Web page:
$\newcommand{\de}{\delta}
\newcommand{\De}{\Delta}
\newcommand{\ep}{\epsilon}
\newcommand{\ga}{\gamma}
\newcommand{\Ga}{\Gamma}
\newcommand{\la}{\lambda}
\newcommand{\Si}{\Sigma}
\newcommand{\thh}{\theta}
\newcommand{\R}{\mathbb{R}}
\newcommand{\E}{\operatorname{\mathsf E}}
\newcommand{\PP}{\operatorname{\mathsf P}}$

Let us denote by $I$ and $J$ your first and second displayed triple integrals, respectively. The innermost integral in $J$ does not exist in the Lebesgue sense. Understood as the "improper" integral, $\int_0^{\infty-}\cdots\,dx:=\lim_{b\to\infty}\int_0^b\cdots\,dx$, this innermost integral equals
\begin{equation*}
-f(t) g(u)\,\frac{\pi/2}{|t-u|}
\end{equation*}
for $t\ne u$. So, the value of $J$ would be
\begin{equation*}
-\int_{0}^\infty \int_0^{\infty} f(t) g(u)\,\frac{\pi/2}{|t-u|}\, dt\, du,
\end{equation*}
which would be $-\infty$ if e.g. the functions $f$ and $g$ are strictly positive and continuous. If $f$ and $g$ continuous and $f(t)g(t)>0>f(u)g(u)$ for some $t$ and $u$ in $(0,\infty)$, then no reasonable value can be assigned to $J$. So, I think nothing reasonably good can be done for $I$ and $J$.

However, things indeed work out well if, as you suggested, the minuses in the expressions of $I$ and $J$ are replaced by pluses. Then we can also relax your conditions on $f$ and $g$: instead of taking $f$ and $g$ to be "of rapid decrease which are $o(x^2)$ near zero", it will suffice to assume that $f$ and $g$ are in $L^1(0,\infty)$ and $|f(t)|+|g(t)|\ll t^p$ for some $p>-1/2$ and all $t\in(0,1)$. Instead of $I$ and $J$, here we are going to consider (with factors in the expression of the integrand conveniently rearranged)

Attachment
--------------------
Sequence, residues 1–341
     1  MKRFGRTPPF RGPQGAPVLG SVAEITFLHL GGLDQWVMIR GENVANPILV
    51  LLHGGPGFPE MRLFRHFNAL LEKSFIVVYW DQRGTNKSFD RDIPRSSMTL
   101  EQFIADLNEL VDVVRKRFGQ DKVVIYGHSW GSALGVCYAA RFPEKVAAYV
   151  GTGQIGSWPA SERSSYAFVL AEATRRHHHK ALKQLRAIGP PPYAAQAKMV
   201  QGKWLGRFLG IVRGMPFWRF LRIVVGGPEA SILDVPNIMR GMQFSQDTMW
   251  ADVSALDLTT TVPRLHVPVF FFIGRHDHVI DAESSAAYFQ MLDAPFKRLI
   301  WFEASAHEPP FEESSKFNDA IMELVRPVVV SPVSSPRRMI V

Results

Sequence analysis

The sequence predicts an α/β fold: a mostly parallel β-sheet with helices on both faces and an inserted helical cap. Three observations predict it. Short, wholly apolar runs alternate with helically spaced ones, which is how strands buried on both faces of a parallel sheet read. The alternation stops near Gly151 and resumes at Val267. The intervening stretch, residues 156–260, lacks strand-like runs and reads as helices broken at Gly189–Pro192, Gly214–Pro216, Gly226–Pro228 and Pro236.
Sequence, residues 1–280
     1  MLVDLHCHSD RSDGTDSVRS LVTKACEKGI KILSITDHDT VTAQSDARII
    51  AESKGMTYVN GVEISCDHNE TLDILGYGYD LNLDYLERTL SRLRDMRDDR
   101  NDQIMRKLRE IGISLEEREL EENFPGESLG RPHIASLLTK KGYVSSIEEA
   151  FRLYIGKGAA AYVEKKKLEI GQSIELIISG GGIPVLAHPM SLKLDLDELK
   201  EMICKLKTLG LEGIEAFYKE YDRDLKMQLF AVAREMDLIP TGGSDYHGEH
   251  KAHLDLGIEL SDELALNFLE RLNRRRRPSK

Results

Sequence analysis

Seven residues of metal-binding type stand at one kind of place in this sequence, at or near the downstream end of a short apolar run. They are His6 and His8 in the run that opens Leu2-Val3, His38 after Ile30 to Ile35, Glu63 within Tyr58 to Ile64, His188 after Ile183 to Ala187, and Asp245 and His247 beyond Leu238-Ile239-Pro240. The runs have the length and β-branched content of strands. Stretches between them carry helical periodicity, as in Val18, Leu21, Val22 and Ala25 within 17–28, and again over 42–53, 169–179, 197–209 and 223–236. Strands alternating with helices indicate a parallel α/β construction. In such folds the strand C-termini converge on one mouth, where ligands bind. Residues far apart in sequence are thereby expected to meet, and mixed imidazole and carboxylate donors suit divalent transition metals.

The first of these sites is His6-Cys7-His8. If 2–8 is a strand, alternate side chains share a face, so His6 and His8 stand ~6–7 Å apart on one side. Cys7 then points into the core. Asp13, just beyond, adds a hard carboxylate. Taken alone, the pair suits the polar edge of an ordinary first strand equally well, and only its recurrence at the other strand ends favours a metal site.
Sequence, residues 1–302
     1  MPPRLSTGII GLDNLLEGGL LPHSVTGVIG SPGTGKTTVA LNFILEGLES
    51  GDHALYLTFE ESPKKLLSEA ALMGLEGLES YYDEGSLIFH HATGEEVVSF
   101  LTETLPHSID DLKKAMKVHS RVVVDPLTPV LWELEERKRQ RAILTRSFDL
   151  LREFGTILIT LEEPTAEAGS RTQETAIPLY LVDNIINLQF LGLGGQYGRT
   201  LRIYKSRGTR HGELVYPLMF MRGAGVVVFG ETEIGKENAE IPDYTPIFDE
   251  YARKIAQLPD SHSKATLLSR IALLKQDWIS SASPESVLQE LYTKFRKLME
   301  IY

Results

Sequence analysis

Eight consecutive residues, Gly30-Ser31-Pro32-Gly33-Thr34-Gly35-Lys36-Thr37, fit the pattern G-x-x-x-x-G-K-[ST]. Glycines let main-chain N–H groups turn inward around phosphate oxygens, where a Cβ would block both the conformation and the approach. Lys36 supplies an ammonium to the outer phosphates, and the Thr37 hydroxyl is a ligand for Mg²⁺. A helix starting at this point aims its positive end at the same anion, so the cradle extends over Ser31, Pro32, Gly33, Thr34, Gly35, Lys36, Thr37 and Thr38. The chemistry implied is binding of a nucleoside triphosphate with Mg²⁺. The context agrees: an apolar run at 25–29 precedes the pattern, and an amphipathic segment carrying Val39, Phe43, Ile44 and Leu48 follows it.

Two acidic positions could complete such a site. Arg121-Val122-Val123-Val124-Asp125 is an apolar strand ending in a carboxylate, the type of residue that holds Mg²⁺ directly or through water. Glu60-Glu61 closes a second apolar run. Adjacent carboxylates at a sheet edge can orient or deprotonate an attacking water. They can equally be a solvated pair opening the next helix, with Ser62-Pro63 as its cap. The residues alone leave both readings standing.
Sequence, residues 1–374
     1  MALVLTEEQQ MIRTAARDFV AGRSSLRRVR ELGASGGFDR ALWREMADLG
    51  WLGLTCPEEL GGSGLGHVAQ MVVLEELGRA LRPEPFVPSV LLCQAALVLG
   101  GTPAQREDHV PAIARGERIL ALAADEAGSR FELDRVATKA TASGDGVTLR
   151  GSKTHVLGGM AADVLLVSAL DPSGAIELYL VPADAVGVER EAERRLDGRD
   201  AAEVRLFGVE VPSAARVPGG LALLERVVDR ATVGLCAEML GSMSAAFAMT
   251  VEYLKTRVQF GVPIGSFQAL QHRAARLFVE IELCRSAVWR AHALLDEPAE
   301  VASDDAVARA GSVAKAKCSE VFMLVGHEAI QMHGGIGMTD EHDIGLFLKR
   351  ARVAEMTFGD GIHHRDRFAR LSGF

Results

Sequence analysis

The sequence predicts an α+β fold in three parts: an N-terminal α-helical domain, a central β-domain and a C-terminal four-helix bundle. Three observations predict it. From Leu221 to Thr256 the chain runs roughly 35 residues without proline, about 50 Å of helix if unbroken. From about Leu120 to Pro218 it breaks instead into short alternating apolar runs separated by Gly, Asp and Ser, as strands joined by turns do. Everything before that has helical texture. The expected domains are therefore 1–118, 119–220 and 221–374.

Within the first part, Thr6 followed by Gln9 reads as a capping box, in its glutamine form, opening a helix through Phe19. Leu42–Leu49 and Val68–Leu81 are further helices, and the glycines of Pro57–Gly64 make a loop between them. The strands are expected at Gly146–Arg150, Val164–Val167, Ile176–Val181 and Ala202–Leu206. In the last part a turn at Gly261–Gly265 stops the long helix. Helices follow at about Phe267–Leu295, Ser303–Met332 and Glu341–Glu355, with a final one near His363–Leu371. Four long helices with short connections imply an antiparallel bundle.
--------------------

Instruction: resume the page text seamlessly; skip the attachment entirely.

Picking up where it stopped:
\begin{equation*}
I^+:=\int_{0}^{\infty-} \int_0^{\infty} \int_0^{\infty} \frac{\sin(x(t+u))}{x(t+u)} f(t) g(u)\, dt\, du\, dx
=\lim_{b\to\infty}I^+_b \tag{1}
\end{equation*}
and
\begin{equation*}
J^+:=\int_{0}^\infty \int_0^{\infty} \int_0^{\infty-} \frac{\sin(x(t+u))}{x(t+u)} f(t) g(u)\, dx\, dt\, du=\lim_{b\to\infty}J^+_b, \tag{2}
\end{equation*}
where
\begin{equation*}
I^+_b:=\int_{0}^b \int_0^{\infty} \int_0^{\infty} \frac{\sin(x(t+u))}{x(t+u)} f(t) g(u)\, dt\, du\, dx
\end{equation*}
and
\begin{equation*}
J^+_b:=\int_0^{\infty} \int_0^{\infty} \int_{0}^b \frac{\sin(x(t+u))}{x(t+u)} f(t) g(u)\,dx\, dt\, du.
\end{equation*}
Namely, we are going to show that the "triple integrals" $I^+$ and $J^+$ are well defined (in the sense that the limits $\lim_{b\to\infty}I^+_b$ and $\lim_{b\to\infty}J^+_b$ exist), and we shall also show that $I^+=J^+$.

To begin doing this, recall that $f$ and $g$ are in $L^1(0,\infty)$ and $|\frac{\sin v}v|\le1$ for $v>0$. So, by Fubini's theorem, for all $b>0$
\begin{equation*}
I^+_b=J^+_b\in\R. \tag{3}
\end{equation*}

Moreover, $\int_0^b\frac{\sin xv}x\,dx=\int_0^{bv}\frac{\sin w}w\,dw$ is bounded uniformly in $(b,v)\in(0,\infty)^2$ and $\int_0^b\frac{\sin xv}x\,dx\to\frac\pi2$ as $b\to\infty$, for each real $v>0$. Furthermore, switching to the polar coordinates and using the that conditions $f$ and $g$ are in $L^1(0,\infty)$ and $|f(t)|+|g(t)|\ll t^p$ for some $p>-1/2$ and $t\in(0,1)$, we have
\begin{multline*}
\int_0^{\infty} \int_0^{\infty}\frac{|f(t) g(u)|}{t+u}\,dt\, du \\
\ll \int_0^{\infty} \int_0^{\infty}|f(t)|\,|g(u)|\,dt\, du
+\int_0^{2\pi} d\thh \int_0^1 \frac{r^{2p}}r\,r\,dr \ll1.
\end{multline*}
So, by the dominated convergence theorem,
\begin{equation*}
J^+_b\underset{b\to\infty}\longrightarrow\frac\pi2\,
\int_0^{\infty} \int_0^{\infty} \frac{f(t) g(u)}{t+u} dt\, du.
\end{equation*}
Thus, in view of (3), the limits in (1) and (2) do exist and are equal to each other, so that
\begin{equation*}
I^+=J^+=\frac\pi2\,
\int_0^{\infty} \int_0^{\infty} \frac{f(t) g(u)}{t+u} dt\, du.
\end{equation*}